The owner of a real estate firm, Berg represented Fargo in the state legislature for more than two decades and helped engineer a turnaround in the state budget.
Many here fear that if Obama wins a second term, an emboldened Environmental Protection Agency will impose new regulations that will end the state’s oil boom. And there is deep unhappiness with Obama’s decision to delay construction of the Keystone XL oil pipeline from Canada to the Gulf of Mexico.
“We’re very old-school pro-business here,” said Vicky Steiner, a Republican state representative who serves as executive director of the North Dakota Association of Oil and Gas Producing Counties. “In some states, people say ‘not in my back yard.’ Here, we believe that our resources should be developed.”
The Obama factor
Heitkamp has worked aggressively to distance herself from Obama, criticizing the Keystone decision and his failure to make good on promises to unify the country.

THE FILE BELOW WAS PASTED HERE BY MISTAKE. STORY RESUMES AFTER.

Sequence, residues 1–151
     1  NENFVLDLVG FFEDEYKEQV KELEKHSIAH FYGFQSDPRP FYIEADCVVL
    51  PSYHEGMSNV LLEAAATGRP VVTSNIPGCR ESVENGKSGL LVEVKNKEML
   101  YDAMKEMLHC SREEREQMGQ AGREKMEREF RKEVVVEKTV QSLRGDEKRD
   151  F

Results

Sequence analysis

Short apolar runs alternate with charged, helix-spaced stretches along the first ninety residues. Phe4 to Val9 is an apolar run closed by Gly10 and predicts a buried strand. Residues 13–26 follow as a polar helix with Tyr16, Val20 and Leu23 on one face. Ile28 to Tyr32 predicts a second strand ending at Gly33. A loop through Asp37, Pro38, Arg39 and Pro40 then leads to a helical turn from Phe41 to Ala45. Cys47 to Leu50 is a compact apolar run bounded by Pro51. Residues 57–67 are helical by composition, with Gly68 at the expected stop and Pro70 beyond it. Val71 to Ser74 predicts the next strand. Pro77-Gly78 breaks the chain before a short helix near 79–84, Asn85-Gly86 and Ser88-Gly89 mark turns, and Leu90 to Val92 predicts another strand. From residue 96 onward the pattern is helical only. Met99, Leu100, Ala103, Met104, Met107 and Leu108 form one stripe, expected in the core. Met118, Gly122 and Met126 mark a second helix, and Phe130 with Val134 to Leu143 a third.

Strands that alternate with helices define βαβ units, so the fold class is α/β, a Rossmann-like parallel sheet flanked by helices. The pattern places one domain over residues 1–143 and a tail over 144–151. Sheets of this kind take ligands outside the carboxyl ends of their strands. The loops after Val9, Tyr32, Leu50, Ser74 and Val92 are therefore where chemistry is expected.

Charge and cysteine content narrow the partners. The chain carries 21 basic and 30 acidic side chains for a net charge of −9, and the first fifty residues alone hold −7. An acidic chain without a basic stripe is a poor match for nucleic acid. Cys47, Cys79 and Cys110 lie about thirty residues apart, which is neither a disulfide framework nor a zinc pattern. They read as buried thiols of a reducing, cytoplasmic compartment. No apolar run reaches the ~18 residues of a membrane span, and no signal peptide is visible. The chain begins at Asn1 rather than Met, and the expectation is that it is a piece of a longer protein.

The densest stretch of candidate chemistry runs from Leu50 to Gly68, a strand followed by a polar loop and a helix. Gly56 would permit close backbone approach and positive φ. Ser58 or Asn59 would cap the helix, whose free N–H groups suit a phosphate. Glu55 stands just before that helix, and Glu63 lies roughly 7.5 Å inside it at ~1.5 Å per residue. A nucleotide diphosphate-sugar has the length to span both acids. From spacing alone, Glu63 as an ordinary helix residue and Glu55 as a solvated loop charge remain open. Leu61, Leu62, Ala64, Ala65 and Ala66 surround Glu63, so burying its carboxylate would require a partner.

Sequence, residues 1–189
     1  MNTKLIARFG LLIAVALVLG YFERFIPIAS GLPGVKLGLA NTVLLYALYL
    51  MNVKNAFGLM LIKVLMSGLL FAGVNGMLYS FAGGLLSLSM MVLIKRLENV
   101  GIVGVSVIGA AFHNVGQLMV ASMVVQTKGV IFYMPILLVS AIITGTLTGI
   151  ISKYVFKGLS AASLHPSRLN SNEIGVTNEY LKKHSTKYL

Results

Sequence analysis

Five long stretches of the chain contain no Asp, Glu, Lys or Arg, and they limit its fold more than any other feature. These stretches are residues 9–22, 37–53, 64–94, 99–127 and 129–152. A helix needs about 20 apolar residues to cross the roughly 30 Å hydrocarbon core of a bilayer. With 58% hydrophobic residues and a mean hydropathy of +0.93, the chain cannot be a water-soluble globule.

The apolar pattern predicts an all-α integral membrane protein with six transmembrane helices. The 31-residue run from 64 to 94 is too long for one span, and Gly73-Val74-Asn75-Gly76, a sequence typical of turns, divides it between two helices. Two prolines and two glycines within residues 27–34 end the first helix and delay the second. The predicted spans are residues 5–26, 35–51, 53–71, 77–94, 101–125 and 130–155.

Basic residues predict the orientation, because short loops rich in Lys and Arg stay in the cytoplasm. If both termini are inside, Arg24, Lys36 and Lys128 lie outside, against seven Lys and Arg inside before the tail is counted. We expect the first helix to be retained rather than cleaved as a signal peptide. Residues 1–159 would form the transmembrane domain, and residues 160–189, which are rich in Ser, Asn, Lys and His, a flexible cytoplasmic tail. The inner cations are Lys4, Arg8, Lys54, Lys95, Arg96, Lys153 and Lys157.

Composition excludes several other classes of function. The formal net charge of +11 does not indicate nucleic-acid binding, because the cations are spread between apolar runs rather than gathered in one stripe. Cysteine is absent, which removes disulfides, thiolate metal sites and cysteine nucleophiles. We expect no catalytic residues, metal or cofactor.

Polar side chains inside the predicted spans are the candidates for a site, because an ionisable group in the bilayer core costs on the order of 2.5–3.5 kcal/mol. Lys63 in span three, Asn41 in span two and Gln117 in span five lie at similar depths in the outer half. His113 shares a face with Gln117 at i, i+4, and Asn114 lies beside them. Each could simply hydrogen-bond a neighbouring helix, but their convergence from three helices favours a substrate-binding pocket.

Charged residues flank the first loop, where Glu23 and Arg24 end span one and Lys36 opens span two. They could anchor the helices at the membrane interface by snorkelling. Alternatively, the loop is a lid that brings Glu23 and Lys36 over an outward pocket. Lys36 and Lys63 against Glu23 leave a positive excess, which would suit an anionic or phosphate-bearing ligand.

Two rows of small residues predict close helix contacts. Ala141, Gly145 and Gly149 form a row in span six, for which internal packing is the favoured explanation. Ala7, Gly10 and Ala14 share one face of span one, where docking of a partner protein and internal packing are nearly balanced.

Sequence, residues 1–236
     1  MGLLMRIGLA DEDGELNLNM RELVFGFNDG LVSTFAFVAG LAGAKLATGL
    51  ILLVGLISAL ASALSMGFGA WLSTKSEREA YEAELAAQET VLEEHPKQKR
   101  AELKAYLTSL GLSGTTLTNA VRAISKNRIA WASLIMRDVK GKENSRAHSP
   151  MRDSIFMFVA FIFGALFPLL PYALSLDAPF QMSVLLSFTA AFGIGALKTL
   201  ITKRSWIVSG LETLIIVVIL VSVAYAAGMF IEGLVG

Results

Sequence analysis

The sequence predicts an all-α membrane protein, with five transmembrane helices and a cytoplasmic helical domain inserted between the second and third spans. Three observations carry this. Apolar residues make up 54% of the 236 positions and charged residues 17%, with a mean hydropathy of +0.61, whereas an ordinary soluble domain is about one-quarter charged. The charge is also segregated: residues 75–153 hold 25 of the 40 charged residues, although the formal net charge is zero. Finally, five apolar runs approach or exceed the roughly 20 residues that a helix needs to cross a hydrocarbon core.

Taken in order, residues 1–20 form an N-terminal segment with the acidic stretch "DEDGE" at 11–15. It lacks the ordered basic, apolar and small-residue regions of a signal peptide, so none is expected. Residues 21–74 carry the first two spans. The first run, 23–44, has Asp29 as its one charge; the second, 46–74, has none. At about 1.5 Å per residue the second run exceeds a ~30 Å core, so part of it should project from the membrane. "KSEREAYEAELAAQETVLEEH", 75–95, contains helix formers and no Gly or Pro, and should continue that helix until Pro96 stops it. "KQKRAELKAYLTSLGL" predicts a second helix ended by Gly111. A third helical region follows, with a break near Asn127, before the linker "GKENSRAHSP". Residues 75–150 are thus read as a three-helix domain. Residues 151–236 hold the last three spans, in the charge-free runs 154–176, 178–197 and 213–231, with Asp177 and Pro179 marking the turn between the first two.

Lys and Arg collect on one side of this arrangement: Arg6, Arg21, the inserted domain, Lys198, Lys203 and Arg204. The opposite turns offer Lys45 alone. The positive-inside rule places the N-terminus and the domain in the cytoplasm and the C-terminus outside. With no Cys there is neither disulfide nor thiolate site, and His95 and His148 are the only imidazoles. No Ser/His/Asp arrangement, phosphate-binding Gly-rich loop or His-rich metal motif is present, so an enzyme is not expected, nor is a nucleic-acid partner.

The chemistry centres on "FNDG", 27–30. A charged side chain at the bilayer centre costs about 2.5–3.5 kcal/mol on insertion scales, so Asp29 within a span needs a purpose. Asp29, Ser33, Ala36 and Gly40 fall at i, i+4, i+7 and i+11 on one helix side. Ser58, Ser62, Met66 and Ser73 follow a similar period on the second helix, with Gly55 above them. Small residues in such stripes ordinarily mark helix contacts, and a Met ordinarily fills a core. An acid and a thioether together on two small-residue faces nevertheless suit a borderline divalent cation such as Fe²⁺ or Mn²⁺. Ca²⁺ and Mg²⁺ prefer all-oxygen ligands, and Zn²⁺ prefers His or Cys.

But she’s said she plans to vote for Obama in November and would support Majority Leader Harry M. Reid (D-Nev.) to retain the Senate’s top post if elected.
Said Berg: “If they want someone who they can trust, who’s going to fight against the president’s failed policies, like Obamacare, they’ll support me. The alternative is someone who has campaigned for the president, supports Obamacare and has endorsed his agenda.”
Many North Dakotans are suspicious of politicians who take credit for what they see as the good fortune of having oil in the ground and innovative companies with new technologies to drill it.
But a good number also think there is a hardworking self-reliance here that does not exist in the rest of the country.
“If you stand out by the side of the road with a sign asking for money in oil country, they’ll throw rocks at you,” said James Goeres, 47, who worked in the oil patch for more than 20 years.
Now he drives around the state selling bumper stickers from the window of his Christmas-light-festooned RV, plastered with his wares.
Goeres calls Heitkamp a “bulldog” and praised her fighting spirit. But among the thousands of car stickers he sells, the politically themed are all anti-Obama. (“Honk if you like Obama — so I can flip you off,” reads one.)
“That’s simple,” he said. “Nobody here likes Obama. He’s anti-oil.”
Scott Clement contributed to this report.